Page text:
In 1967, Lunar Orbiter Mission 4 sent back to Earth a superb series of photographs of the surface of the Moon, despite severe degradation caused by scanning artifacts and the reconstruction processes involved in transmission from lunar orbit.
Using 21st century techniques, Charles Byrne – previously System Engineer of the Apollo Program for Lunar Orbiter Photography – has removed the artifacts and imperfections to produce the most comprehensive and beautifully detailed set of images of the lunar surface.
Lunar Orbiter Photographic Atlas of the Near Side of the Moon has been organized to make it easy for astronomers to use, enabling ground-based images and views to be compared with the Orbiter photographs. The photographs are striking for their consistent Sun angles (for uniform appearance). All features have been identified with their current IAU-approved names, and each photograph has been located in terms of latitude and longitude. To help practical astronomers, all the photographs are systematically related to an Earth-based view.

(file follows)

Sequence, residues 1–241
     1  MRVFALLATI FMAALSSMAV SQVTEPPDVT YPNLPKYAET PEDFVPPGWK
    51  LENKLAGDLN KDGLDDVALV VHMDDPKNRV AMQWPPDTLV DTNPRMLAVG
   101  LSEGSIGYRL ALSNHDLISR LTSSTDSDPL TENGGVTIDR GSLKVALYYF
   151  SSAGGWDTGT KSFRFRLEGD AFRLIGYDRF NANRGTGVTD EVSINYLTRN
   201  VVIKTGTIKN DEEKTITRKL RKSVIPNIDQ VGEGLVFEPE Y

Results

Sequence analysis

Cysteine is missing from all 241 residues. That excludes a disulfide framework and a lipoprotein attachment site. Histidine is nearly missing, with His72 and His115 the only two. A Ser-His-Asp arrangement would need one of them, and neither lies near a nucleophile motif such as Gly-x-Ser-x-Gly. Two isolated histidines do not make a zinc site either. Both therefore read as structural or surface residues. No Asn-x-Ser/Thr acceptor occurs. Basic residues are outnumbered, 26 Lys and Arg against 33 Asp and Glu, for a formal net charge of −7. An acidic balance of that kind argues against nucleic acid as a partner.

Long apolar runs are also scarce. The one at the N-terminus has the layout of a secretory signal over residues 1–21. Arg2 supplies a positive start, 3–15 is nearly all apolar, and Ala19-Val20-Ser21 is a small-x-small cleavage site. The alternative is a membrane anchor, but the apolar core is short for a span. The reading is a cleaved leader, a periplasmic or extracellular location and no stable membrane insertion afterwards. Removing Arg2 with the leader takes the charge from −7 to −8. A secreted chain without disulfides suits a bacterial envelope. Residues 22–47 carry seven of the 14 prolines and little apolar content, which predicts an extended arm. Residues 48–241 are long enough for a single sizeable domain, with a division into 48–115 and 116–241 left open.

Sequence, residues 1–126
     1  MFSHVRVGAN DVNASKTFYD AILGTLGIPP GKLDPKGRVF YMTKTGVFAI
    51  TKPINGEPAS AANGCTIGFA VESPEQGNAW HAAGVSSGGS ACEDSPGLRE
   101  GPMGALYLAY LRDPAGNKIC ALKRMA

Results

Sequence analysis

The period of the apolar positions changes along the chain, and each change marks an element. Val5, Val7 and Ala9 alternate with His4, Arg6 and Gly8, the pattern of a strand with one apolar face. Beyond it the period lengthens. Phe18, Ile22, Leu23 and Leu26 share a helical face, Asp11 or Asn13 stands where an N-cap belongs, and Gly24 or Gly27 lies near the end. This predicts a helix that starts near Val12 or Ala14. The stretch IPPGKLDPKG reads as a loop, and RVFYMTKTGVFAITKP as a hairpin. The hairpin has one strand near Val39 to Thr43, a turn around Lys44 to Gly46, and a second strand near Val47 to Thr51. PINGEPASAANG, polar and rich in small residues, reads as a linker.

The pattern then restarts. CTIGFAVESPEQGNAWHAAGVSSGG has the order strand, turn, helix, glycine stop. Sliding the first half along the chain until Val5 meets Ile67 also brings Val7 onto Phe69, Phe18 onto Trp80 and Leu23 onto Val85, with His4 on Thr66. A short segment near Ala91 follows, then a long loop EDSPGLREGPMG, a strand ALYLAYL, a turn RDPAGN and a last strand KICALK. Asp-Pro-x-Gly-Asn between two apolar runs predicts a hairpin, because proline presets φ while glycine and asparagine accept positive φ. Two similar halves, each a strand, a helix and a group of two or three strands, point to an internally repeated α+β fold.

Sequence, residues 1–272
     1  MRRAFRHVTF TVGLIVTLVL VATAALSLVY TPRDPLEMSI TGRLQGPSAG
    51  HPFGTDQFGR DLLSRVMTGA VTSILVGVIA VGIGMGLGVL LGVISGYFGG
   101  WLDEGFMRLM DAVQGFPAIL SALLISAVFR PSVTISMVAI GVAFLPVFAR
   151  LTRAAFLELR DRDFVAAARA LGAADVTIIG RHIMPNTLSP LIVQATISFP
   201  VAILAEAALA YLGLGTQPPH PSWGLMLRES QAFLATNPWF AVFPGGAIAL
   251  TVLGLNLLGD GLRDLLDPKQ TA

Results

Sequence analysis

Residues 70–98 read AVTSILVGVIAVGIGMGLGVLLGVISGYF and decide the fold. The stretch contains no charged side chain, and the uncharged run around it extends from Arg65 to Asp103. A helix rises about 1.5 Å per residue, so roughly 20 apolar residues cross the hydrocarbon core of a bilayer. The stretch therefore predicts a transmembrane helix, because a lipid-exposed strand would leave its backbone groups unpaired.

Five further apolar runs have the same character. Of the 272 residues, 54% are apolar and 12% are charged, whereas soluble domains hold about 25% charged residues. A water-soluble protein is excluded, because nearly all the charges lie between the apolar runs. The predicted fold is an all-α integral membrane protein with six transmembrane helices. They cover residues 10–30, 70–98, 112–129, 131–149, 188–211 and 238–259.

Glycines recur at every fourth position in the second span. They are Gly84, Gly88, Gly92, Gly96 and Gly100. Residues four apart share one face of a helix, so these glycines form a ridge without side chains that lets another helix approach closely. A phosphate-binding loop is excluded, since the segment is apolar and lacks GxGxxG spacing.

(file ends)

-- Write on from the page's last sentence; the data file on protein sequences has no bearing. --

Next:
The enhanced and cleaned photographs for screen viewing, lectures, etc., can be found online.
- Overview of the Atlas
- Lunar Orbiter Mission 4
- The Mission
- Overview of the Nearside of the Moon
- Organization of the Photos
- Orientale Basin Region
- Humorum Basin Region
- Imbrium Basin Region
- Nectaris Basin Region
- Serenitatis Basin Region
- Eastern Basins Region
- North Polar Region
- South Polar Region
"With plans to return astronauts to the Moon, our nearest planetary body is of obvious interest at the moment. [...] The book has been organised to make it easy for astronomers to use [...] . the quality of reproduction in this volume is excellent and readers will undoubtedly spend endless hours vicariously exploring the lunar surface. Moreover, as a bonus [...] all the high and medium resolution photos from Lunar Orbiter 4, duly 'cleaned up' are also presented on a CD-ROM included with the book."
- International Space Review, 2006